Bolivia‘s Deputy Minister of Decolonization, Felix Cardenas, reported that on Wednesdays, the only language allowed at that government office will be Aymara.
“At the Decolonization Ministry, every Wednesday will be language day. On this day, nobody will be allowed to speak another language besides Aymara, which we should all know,” he said.
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The deputy minister explained that the measure is a way of putting the native language that officials have been learning into practice, since, as established in Article 234 of the Political Constitution of the State, all public servants must learn a native language of their region and be able to speak it fluently.
Cardenas asserted that he has certified approximately 20,000 public officials in Aymara and Quechua at an initial level, out of the 350,000 who work in public institutions, governor’s offices, municipalities, and decentralized entities, without taking into account the School of Plurinational Public Management (EGPP) and the Institute of Languages and Cultures’ certificates.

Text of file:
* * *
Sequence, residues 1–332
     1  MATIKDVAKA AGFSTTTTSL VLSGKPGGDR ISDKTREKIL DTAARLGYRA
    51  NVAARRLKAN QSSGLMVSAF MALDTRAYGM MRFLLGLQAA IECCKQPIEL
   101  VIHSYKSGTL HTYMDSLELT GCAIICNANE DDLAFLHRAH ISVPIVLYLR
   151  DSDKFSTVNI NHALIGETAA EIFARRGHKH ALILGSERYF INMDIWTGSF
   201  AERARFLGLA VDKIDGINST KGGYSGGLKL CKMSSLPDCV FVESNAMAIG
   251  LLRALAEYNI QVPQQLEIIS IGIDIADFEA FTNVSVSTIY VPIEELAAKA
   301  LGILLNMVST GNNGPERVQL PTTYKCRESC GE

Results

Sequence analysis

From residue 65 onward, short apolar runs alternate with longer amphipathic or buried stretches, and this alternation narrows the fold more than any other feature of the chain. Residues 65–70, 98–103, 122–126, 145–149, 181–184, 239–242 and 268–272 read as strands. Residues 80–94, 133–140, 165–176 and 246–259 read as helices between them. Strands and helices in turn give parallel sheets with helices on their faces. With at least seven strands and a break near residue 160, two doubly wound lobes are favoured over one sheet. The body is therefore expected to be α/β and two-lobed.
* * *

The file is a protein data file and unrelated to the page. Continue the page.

Likewise, the deputy minister announced that between next May and June, there will be an evaluation of the entire state apparatus to verify that everyone has knowledge of a native language.
“Starting in May, we will enter each ministry, government office, and municipality, to verify if public servants speak a native language, as established in article 234 of the Constitution,” he said.
According to Cardenas, “each public servant” will be evaluated, and then a report will be delivered to the highest authorities of each public entity to make a decision regarding employees who do not meet this standard.
Cardenas explained that the inspections will be carried out in coordination with the EGPP and the Institute of Languages and Cultures.
Evo Morales, who is of Aymara descent, was the first indigenous president in the nation’s history. Lately he has been at the center of controversy over his plans to run for an unprecedented fourth term.